Writer E. Jean Carroll will file a new lawsuit against former president Donald Trump, according to a letter made public on Tuesday. Carroll, who previously sued Trump for defamation in 2019, plans to take advantage of a new law passed in New York that gives adult sexual assault victims a one-time opportunity to file civil lawsuits even if the statutes of limitations have expired.
Carroll will sue Trump for battery and intentional infliction of emotional distress under the Adult Survivors Act, a law recently signed by New York Governor Kathy Hochul. Carroll’s lawyer, Roberta Kaplan, noted they plan to officially launch the claim on Nov. 24, the start of a one-year window in which the law allows such suits to be filed.
Kaplan also confirmed she plans to request that Judge Lewis A. Kaplan of the Southern District of New York try both of Carroll’s cases on Feb. 6, 2023, when the previously-filed defamation lawsuit is scheduled for trial.
Trump’s lawyer, Alina Habba, responded that the former president “adamantly” objected to combining both cases. “To permit plaintiff to drastically alter the scope and subject matter of this case at such time would severely prejudice defendant’s rights,” Habba wrote in a separate letter. “Plaintiff’s request must be disregarded in its entirety.”
The letters from Kaplan and Habba are dated from August, although both were only made public on Tuesday. Kaplan has requested a deposition from Trump after previously saying one would not be necessary.
In 2019, Carroll accused Trump of raping her around 1995 or 1996 in a dressing room at Bergdorf Goodman in New York City. She claimed Trump threw her against a wall, pulled down her tights, opened his pants, and forced himself on her. Carroll made the allegation in her 2019 book, What Do We Need Men For? A Modest Proposal. A portion of What Do We Need Men For, detailing Trump’s alleged attack, was excerpted in New York Magazine shortly before the book’s publication, causing an uproar.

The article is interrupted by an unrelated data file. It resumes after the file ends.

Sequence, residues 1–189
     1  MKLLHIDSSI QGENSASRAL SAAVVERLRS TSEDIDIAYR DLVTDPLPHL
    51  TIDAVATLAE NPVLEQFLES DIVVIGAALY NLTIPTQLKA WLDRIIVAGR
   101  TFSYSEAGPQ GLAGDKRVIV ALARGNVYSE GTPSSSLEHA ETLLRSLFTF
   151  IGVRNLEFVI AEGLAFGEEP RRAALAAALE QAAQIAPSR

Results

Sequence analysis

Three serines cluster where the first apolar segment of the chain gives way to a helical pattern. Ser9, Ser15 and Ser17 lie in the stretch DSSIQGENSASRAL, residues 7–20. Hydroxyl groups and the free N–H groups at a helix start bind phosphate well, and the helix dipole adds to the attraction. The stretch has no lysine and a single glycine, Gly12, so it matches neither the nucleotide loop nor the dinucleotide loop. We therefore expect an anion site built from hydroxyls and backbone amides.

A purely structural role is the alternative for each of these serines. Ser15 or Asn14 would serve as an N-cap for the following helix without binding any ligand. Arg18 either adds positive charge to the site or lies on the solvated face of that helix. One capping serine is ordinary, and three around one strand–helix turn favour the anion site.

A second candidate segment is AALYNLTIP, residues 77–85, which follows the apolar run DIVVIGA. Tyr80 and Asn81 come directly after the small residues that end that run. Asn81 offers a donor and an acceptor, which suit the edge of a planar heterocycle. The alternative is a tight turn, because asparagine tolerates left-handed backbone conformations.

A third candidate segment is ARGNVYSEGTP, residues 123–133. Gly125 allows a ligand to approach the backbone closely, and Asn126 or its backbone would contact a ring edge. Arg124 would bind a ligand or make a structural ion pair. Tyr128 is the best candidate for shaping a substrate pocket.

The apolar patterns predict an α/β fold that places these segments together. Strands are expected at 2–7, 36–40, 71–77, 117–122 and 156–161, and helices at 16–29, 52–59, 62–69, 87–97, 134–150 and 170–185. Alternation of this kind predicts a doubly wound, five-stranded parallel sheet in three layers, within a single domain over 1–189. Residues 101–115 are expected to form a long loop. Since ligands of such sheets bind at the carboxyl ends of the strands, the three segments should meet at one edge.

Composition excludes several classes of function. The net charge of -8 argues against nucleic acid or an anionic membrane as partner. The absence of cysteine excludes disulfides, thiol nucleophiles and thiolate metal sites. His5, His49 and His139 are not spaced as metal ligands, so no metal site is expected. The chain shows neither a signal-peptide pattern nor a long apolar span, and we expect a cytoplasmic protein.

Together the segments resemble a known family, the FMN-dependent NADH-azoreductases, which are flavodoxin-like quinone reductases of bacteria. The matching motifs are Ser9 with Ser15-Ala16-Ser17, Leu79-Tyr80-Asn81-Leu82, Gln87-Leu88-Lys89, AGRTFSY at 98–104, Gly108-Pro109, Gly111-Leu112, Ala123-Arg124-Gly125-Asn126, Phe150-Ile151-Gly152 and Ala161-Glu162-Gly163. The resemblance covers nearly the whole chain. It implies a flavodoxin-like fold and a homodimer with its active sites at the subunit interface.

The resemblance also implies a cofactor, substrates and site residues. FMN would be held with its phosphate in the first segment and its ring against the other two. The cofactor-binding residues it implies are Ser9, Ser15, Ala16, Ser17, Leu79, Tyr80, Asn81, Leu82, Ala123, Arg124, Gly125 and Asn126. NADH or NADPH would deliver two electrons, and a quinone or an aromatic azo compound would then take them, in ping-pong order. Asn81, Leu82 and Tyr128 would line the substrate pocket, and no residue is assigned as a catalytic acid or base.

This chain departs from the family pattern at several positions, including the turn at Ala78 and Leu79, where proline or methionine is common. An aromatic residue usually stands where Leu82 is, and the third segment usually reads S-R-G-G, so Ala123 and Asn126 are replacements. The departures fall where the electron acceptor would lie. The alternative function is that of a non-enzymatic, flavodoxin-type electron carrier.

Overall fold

Trump has denied the allegations, calling Carroll a liar and commenting on her appearance. “I’ll say it with great respect: Number one, she’s not my type,” Trump told The Hill shortly after the New York Mag excerpt came out. “Number two, it never happened. It never happened, OK?”
Carroll filed suit against Trump that November, saying his statements were false and defamatory. Previously, Trump argued that he was shielded from the lawsuit by a federal law that provides immunity to government employees from defamation claims. Judge Kaplan ruled against the justice department, then led by Attorney General William P. Barr, finding that Trump had not been working in an official capacity when he denied the allegations.
“His comments concerned an alleged sexual assault that took place several decades before he took office, and the allegations have no relationship to the official business of the United States,” Judge Kaplan wrote in response.
The Justice Department appealed the ruling to the U.S. Court of Appeals for the Second Circuit. Carroll and Trump are currently waiting for a decision to see if the case can proceed.
Following a hearing in February, Carroll told reporters, “I’ll never settle. We’re in this fight, not really for me, but for all women who have been grabbed and groped, and assaulted and raped, who were silenced.”